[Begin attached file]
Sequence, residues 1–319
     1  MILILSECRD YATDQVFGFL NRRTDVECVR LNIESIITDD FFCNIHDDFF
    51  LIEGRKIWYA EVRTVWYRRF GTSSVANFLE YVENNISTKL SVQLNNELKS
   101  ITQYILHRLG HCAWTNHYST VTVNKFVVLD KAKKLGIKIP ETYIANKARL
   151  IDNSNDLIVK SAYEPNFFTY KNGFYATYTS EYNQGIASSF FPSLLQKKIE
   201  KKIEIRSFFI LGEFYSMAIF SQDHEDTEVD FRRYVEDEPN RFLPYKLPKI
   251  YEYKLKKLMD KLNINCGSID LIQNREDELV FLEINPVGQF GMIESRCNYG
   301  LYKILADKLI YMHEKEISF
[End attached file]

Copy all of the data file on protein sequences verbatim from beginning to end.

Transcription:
Sequence, residues 1–319
     1  MILILSECRD YATDQVFGFL NRRTDVECVR LNIESIITDD FFCNIHDDFF
    51  LIEGRKIWYA EVRTVWYRRF GTSSVANFLE YVENNISTKL SVQLNNELKS
   101  ITQYILHRLG HCAWTNHYST VTVNKFVVLD KAKKLGIKIP ETYIANKARL
   151  IDNSNDLIVK SAYEPNFFTY KNGFYATYTS EYNQGIASSF FPSLLQKKIE
   201  KKIEIRSFFI LGEFYSMAIF SQDHEDTEVD FRRYVEDEPN RFLPYKLPKI
   251  YEYKLKKLMD KLNINCGSID LIQNREDELV FLEINPVGQF GMIESRCNYG
   301  LYKILADKLI YMHEKEISF